Ladysmith Black Mambazo heads Down Under for 20th WOMADelaide Festival

World music lovers in Australia should be all braced up for anther exciting March weekend as performing artists from over 30 countries converge in Adelaide’s exquisite botanic garden for its 20th WOMADelaide festival celebration.

With sixteen Grammy nominations and four Grammy awards under their belt, South Africa’s most renowned music sensation Ladysmith Black Mambazo will be performing live at this prestigious event.

Led by founder Joseph Shabalala for over 50 years, the group has captivated the world with their soothing harmonious voices. With 40 performances lined up for January 2016 – March 2016 in different parts of the world, Salt Magazine spoke to one of the original members of the choral group, tenor voice Albert Mazibuko who has been with the group for over 40 years, to talk about their music and what’s it like to be on the road most of the time.

Chuckling over the phone the 67 year old Albert said “you know when you are doing something that you like you don’t feel that it’s a burden you only feel like it’s an opportunity to enjoy yourself, for these three months we will be singing our music and dancing every night, that’s how we do it”

Albert said they’ve been in Australia so many times he’s lost count. “We enjoy our performance there; there is always a special kind of feeling when we are in Australia, we feel like we are home”

Talking about how he got involved with the group which originally consisted mainly of family members, Albert said he was approached by Joseph Shabalala to join the group in 1969.

“He came to me and said he had a dream from his grandmother who is my grandfather’s sister, telling him that he should come to me and my brother and invite us to join the band as we will help him to achieve his dream… I was really happy because I wanted to join his group all the time.

“He said don’t get too excited, I know you know how to sing but this one is going to be different , we are going to write new songs, the kind of music that is going to be encouraging people not to lose hope, since then we’ve never looked back” said Albert.

For Albert life under apartheid wasn’t easy but they did their best to survive and rehearse their music. He said they had limited time to record their songs. “The studio would be booked for only 4 hrs in which you have to record 12 songs and have it mixed, any small mistake you have to start from the beginning, so life was challenging but we were raised as people that have to face challenges and conquer it” he added.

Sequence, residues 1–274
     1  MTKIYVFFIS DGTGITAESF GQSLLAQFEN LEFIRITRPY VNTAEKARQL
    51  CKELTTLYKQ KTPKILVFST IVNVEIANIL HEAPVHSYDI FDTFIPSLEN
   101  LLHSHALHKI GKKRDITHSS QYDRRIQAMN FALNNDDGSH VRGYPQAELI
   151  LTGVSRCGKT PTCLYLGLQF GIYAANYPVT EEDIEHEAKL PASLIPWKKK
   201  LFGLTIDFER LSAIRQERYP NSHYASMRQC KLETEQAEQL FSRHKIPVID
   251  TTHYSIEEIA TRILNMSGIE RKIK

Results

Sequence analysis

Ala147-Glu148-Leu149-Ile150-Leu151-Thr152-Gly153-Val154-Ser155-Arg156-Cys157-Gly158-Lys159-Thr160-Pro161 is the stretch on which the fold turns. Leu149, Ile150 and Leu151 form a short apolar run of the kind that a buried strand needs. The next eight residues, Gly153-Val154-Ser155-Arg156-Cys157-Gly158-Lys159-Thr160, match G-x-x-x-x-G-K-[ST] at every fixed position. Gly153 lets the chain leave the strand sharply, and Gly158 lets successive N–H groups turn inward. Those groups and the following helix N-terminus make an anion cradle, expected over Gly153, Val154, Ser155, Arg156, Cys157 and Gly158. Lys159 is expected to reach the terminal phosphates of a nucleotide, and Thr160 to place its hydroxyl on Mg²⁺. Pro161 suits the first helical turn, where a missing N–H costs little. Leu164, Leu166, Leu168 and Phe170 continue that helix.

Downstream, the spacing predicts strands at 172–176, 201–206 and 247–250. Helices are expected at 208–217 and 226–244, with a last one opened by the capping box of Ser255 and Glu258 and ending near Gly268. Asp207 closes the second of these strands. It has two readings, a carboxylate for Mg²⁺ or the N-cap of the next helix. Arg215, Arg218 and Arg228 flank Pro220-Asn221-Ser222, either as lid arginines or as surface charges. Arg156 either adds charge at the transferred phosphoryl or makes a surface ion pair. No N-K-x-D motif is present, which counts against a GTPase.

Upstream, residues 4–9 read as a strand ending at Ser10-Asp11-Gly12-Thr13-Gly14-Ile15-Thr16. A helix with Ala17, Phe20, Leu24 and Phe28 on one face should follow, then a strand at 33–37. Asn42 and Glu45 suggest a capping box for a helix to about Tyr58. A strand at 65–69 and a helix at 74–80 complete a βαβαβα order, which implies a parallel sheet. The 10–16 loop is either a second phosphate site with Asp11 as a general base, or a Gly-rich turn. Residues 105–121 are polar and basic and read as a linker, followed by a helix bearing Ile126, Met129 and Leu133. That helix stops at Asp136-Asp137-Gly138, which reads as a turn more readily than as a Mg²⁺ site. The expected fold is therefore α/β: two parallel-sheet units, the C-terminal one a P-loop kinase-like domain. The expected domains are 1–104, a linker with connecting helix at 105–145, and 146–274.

Asked about the message in their songs Albert said it is a bit of everything. “We sing about politics, social issues and we also sing about uplifting people’s spirits, we try to address every situation that we see, with the hope that some people might be helped with our music”

Albert said his most memorable moment as a performing artist is accompanying the late Nelson Mandela and F.W. de Klerk to receive their Nobel Prize at the Oslo City Hall in Norway, 10 December 1993. “I think of it all the time because it was history making for us, we were the only group that was allowed to sing in the ceremony, after our performance I remember Nelson Mandela stood up and said black power black mambazo …it was very emotional and it always stayed with us, I think that was the biggest moment of the group”

Their Inspiration according to Albert came from the people that have loved their acapella style of music over the years. He said after every performance people come up to them and thank them for their songs. “They say our music, it lifts their spirit, they say I came to your concert, I was down but now my spirit is so high …. What we do impacts people” he added.

According to Albert their beautiful harmonies are derived from dreams that Joseph usually has. “Every time he goes to sleep its like someone sitting in school learning how to write music and then put voices together, I’ll wake up in the morning and he will say last night I dreamt this song and he will play it for me and the others.”

We asked Albert what he makes of all their Grammy award nominations and wins. “I think it’s about what we are telling people through our music, that’s why we are getting all these nominations, I think it’s a way that people are saying thank you for what you have done and it is encouraging and motivating for us to do more music and reach out to more people.”

For Adelaide world music lovers, Albert’s message is “we’ll be bringing peace love and harmony to Adelaide, so people should come and enjoy themselves, we have beautiful songs that we’ve selected, every minute of the show is going to be vibrant.”

It was great talking to Albert and we look forward to their performance in March.

For more info or to purchase tickets, visit the WOMADelaide website here.


SALT Magazine is an African-Australian Community News Magazine, created to provide print and online news and information on a broad range of issues of interest to the African community in Australia as well as to the wider general public. Our main aim is to act as a platform for the voice of the new and emerging African Australian communities, providing an African perspective to Australian topics. We wish to highlight African refugee success stories and encourage community development by exploring the challenges faced by new arrivals.

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